Volume II: Filmography




(Jewel Productions, Inc.)

September 9, 1917 (Sunday)

Length: 6 reels

Character: Drama

Director: Ernest C. Warde

Scenario: Lloyd F. Lonergan's adaptation and modernization of Edward Everett Hale's 1863 story of the same name

Cast: Florence LaBadie (Barbara Norton, a patriotic American girl; also "Columbia"), H.E. Herbert (Philip Nolan), J.H. Gilmour (Captain Banforth), Carey L. Hastings (Mrs. Blair), Ernest Howard (Phineas Blair), Charles Dungan (Pop Milton), Wilbert Shields, George Marlo

Notes: 1. This film was released by Jewel Productions, Inc., a firm founded in August 1917. The principal officers were Harry Barman and Leon J. Bamburger. Offices were maintained at the Mecca Building, Room 405, 1600 Broadway, New York City. Jewel purchased films outright from various manufacturers and released them on a states rights or other contract basis. The firm's first film was Come Through, acquired from the Universal Film Manufacturing Company, after the picture had been shown in New York City. Then, Pay Me was acquired as the firm's second film. During its early operations, Jewel acquired pictures from a variety of sources, including one film from Thanhouser. Later, Jewel became a branch of Universal. 2. An article in The Moving Picture World, September 22, 1917, gave the length of this film as six reels, which is believed to be correct. A review in The Moving Picture World, September 29, 1917, gave the length as five reels. 3. The August 18, 1917 issue of The Moving Picture World announced that the Frohman Amusement Company was making a version of The Man Without a Country, directed by John W. Noble, for release about August 10th.


BACKGROUND OF THE SCENARIO: The Thanhouser work was an adaptation and modernization of the best-known work of Edward Everett Hale. The author was born in Boston in 1822, the son of Nathan Hale, editor of the Boston Daily Advertiser, who was the nephew of the Revolutionary War patriot of the same name. Edward Everett Hale entered Harvard at age 13 and completed his education four years later, after which he entered the ministry, becoming ordained as a Unitarian minister in 1846. In 1863, while working with the Sanitary Commission in the Civil War, he produced for the December number of The Atlantic Monthly the short story, "The Man Without a Country," a patriotic work whose fame has endured to the present day. His other efforts, most of them in a religious or humanitarian vein, quickly faded into obscurity. Hale's death occurred in 1909.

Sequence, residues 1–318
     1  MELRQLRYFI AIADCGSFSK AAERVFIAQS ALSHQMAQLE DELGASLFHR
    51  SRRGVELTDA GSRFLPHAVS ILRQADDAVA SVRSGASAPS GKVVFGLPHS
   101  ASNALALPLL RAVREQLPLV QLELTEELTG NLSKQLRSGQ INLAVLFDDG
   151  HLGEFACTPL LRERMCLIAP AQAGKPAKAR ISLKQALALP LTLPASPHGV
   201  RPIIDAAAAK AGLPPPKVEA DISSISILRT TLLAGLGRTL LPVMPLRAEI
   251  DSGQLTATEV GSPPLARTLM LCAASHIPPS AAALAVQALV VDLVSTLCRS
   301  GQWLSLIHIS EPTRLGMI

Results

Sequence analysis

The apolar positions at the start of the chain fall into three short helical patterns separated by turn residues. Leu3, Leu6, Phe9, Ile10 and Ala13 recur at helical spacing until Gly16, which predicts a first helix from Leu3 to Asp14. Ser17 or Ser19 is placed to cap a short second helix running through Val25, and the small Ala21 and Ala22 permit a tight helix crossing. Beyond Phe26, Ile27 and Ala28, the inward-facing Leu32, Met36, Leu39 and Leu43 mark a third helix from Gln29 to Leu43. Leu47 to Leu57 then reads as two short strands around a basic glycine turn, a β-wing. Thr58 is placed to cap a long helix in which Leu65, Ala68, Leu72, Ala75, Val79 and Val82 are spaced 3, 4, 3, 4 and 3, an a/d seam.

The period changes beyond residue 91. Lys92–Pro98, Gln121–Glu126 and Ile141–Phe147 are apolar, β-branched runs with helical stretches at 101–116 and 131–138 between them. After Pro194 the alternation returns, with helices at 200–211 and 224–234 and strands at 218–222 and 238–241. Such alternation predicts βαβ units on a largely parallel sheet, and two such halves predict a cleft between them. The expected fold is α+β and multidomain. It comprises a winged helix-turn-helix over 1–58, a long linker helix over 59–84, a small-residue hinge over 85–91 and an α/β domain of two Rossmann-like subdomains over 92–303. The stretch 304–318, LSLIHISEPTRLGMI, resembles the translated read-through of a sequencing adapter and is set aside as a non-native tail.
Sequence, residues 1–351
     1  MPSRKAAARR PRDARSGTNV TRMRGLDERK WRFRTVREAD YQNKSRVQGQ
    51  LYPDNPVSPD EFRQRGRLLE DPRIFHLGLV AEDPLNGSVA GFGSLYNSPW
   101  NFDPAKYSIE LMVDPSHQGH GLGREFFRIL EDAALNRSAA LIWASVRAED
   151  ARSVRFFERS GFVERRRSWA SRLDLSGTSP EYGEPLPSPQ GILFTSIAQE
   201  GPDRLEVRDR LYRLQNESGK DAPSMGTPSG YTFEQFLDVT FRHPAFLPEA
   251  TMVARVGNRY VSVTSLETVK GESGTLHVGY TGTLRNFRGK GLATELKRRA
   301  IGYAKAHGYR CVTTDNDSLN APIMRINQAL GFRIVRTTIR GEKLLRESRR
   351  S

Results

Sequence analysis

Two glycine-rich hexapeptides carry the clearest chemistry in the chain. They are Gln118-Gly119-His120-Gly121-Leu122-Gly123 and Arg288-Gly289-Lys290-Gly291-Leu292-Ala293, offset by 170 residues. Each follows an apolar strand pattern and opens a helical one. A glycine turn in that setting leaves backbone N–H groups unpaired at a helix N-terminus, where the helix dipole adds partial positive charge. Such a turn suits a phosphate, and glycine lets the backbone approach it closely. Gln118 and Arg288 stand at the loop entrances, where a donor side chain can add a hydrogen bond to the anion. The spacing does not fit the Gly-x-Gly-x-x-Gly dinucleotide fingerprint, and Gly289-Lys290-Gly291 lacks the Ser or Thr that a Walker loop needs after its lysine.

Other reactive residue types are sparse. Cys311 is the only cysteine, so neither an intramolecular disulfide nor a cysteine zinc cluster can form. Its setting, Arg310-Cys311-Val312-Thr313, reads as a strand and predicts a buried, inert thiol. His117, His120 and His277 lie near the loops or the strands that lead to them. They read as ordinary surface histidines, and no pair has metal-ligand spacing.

ADVERTISEMENT by Jewel Productions, Inc., The Moving Picture World, September 15, 1917:

"We have thus far acquired the rights to only five pictures after examining a large number. One was made by Edwin Thanhouser, with the intention of selling it on a state rights plan; but we acquired the world's rights.... The Man Without a Country - the patriotic classic."


ARTICLE, The Morning Telegraph, September 9, 1917:

"Much interest attaches to the premiere tonight of the Thanhouser film version of the Edward Everett Hale patriotic story, The Man Without a Country, which Jewel Productions, Inc., brings into the Broadway Theatre for a two weeks' run, with Florence LaBadie and H.E. Herbert as the stars. Ernest C. Warde is the director and Lloyd Lonergan did the screen version. Jewel Productions, Inc., secured the timely feature two weeks ago from Thanhouser and will offer it for distribution on the state rights plan."


ARTICLE, The Moving Picture World, September 15, 1917:

"The Man Without a Country, Edward Everett Hale's appeal to patriotism, is the basis of a multiple-reel photoplay produced by the Thanhouser Film Corporation which Jewel Productions, Inc. will present at the Broadway Theatre, beginning September 9, featuring Florence LaBadie and H.E. Herbert, supported by an excellent cast. The version is the work of Lloyd Lonergan, after the story written by Mr. Hale in the summer of 1863. Ernest C. Warde, producer of many well known photoplays, including The Vicar of Wakefield, is responsible for the staging of the Hale story...."